From Medici to Italy: Repatriation for Boscoreale Fresco and Corinthian Vase

A looted Corinthian krater went on the market through Sotheby's in 1985. Photo by Ana Ulin on Creative Commons.Corinthian A precious Roman wall painting, stolen from the site of an ancient villa near Pompeii, has been returned to Italy, after 12 years circulating on the nebulous antiquities market.

The fragment of plaster fresco originally came from a Roman villa at Boscoreale, just outside Pompeii, and was reported stolen from an archaeological warehouse at Pompeii in 1997.

The fresco is a typically Pompeian scene showing a woman dressed in green carrying a dish or tray against a cream background, surrounded by a deep red frame. Another part of the fragmented wall fresco, depicting Dionysos, was recovered from a London art gallery in 2008, according to this report on PR Newswire. The villa at Boscoreale was abandoned in the 79 AD eruption of Vesuvius.

A 2,600-year-old Corinthian vase was also repatriated, having been recovered from Christie’s auction house in New York. The vase dates from the sixth century BC and is thought to come from an Etruscan rock-cut tomb near Rome. The large column vase was originally used to mix wine and water and is decorated with black-figure animals on the lower band, with human figures on the upper band.

The two objects were due for auction in New York earlier this year before they were recognised as being of dubious provenance. Customs officials seized them in June. Associated Press reported that an Italian representative welcomed the antiquities back into the country last Wednesday, 2 December.

The Medici Conspiracy

It is thought that the vase may have found its way onto the antiquities market via convicted arts trafficker Giacomo Medici (sentenced to 10 years in jail in Rome in 2004). Medici was responsible for selling hundreds of illegally-obtained Greek, Roman and Etruscan objects on the art market. In 2006, his dodgy dealings were the subject of a book The Medici Conspiracy: The Illicit Journey of Looted Antiquities from Italy’s Tomb Raiders to the World’s Greatest Museum, by Peter Watson and Cecilia Todeschini.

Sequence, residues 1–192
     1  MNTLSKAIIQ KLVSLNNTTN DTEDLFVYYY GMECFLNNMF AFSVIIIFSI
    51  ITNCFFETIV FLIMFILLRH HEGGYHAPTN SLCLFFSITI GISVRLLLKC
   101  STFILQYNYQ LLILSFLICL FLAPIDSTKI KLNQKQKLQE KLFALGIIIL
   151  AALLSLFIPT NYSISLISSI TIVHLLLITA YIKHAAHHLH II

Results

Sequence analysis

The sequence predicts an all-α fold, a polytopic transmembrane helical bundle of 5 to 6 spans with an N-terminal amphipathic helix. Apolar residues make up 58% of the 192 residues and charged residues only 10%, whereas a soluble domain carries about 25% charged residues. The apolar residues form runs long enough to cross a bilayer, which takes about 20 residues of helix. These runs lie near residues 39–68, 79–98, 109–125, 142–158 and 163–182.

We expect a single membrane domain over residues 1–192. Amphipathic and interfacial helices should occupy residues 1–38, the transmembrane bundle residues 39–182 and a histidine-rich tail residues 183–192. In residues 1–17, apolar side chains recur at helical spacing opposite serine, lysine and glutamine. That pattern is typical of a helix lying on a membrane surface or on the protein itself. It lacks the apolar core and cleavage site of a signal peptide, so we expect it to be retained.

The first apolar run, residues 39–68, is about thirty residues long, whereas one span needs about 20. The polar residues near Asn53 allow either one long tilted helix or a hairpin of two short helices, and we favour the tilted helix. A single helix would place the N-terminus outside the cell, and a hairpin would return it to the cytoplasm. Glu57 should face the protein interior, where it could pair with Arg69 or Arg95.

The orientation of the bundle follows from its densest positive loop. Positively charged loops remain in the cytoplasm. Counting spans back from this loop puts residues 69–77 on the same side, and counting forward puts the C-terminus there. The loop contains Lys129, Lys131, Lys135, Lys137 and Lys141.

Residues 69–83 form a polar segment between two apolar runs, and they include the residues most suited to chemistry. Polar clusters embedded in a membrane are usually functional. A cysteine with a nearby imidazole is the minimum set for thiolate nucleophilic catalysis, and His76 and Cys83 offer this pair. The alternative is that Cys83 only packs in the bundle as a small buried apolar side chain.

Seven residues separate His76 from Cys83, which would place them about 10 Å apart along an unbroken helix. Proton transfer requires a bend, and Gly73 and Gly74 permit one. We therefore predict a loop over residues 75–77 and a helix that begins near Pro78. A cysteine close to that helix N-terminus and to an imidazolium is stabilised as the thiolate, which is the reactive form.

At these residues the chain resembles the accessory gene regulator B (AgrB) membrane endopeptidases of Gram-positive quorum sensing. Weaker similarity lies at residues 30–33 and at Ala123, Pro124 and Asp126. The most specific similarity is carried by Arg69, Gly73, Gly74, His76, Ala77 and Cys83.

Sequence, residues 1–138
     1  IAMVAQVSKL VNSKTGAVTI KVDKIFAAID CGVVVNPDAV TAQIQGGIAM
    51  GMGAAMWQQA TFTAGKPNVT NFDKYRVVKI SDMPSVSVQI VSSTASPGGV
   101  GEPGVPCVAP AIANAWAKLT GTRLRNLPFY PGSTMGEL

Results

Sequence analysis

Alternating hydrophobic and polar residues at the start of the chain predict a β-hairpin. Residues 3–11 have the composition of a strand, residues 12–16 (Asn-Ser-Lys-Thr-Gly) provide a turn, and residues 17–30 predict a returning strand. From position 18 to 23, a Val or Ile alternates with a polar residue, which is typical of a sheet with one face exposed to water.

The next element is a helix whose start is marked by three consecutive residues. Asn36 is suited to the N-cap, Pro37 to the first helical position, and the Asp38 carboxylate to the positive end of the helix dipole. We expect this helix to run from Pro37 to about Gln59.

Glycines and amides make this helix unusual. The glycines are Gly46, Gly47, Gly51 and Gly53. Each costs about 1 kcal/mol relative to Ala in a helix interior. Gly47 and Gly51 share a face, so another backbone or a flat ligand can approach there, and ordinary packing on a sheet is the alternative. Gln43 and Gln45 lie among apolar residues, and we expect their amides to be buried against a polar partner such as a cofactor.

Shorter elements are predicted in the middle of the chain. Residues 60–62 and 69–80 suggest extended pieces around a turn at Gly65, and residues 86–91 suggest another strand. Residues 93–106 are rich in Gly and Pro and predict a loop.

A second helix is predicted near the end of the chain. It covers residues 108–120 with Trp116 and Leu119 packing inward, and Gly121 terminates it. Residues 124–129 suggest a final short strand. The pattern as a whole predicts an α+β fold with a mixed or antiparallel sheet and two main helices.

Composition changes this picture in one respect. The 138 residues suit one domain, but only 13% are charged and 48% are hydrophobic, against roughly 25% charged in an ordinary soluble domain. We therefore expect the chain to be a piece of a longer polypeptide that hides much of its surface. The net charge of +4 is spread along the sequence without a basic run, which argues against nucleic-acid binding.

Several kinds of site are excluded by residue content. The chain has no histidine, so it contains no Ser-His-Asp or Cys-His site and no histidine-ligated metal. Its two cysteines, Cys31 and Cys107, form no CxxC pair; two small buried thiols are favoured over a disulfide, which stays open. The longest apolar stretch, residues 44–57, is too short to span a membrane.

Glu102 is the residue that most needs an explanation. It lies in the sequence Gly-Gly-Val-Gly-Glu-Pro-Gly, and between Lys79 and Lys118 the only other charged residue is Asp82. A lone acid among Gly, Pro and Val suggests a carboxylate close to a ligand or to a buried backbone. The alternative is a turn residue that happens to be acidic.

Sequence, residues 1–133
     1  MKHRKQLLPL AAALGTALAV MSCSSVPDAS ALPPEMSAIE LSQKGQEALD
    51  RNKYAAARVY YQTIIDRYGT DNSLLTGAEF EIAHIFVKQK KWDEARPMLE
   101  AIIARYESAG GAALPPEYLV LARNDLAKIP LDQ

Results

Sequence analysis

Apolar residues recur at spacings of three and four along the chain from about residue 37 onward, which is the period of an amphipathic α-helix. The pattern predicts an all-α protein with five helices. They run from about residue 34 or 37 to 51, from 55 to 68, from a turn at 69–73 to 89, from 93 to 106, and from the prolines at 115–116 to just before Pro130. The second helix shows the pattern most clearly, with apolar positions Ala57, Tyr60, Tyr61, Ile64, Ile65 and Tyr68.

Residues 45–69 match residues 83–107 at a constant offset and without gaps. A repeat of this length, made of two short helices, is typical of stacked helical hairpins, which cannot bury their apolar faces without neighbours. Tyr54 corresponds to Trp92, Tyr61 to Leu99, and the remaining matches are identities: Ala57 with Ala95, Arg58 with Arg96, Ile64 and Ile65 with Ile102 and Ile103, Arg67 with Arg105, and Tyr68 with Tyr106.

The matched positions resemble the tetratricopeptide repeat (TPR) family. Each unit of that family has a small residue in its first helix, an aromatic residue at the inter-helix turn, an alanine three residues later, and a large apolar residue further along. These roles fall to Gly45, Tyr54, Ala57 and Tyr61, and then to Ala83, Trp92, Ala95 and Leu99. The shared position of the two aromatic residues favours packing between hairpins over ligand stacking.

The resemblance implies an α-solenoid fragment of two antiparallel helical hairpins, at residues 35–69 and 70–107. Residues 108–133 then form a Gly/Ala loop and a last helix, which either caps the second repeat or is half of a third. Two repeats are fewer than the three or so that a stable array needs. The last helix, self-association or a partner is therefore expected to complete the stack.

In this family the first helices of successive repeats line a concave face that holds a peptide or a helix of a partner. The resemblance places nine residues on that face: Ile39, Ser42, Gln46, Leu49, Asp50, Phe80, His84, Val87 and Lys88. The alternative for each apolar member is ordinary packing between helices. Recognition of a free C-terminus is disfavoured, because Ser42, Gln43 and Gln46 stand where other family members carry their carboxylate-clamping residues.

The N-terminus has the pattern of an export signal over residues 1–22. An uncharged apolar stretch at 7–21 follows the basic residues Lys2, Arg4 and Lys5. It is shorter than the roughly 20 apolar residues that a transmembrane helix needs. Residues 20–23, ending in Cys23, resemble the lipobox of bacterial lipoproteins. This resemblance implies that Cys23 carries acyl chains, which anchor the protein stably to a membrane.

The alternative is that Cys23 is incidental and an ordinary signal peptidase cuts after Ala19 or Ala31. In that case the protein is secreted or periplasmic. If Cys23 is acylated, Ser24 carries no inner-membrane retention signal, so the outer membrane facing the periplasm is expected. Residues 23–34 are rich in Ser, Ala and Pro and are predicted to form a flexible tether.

“It is a matter of concern that two auction-houses – Christie’s and Bonham’s – have been willing to offer material from sales that are known to have contained material supplied by Medici and his associates.” – David Gill

How the two objects ended up at the New York auction is a matter of some concern. As David Gill, a classics scholar from the University of Wales, Swansea, notes in his Looting Matters blog, prominent auction houses have been known to list items subsequently found to have non-legitimate origins.

He writes that: It is a matter of concern that two auction-houses – Christie’s and Bonham’s – have been willing to offer material from sales that are known to have contained material supplied by Medici and his associates. Why did their due diligence processes fail to identify the potential problem with this particular “provenance”? Auction-houses need to be very wary of antiquities that first appeared at Sotheby’s in London during the 1980s and 1990s.

The return of the Corinthian vase and the Boscoreale fresco comes at a time when the legality of more high profile artefacts is also being questioned. Dr Zahi Hawass of Egypt’s Supreme Council of Antiquities is in negotiations with German officials to discuss the future of the Bust of Nefertiti, currently housed at Berlin’s Neues Museum, while he has also invited officials from Italy and Greece to join a conference on the return of antiquities. Last month, the BBC reported the passing of the Holocaust (Stolen Art) Restitution Act, which has set a new precedent in allowing art institutions and museums in Britain to return objects that were looted by the Nazis during the Second World War.

Photo by Alex Segre on Creative Commons licence.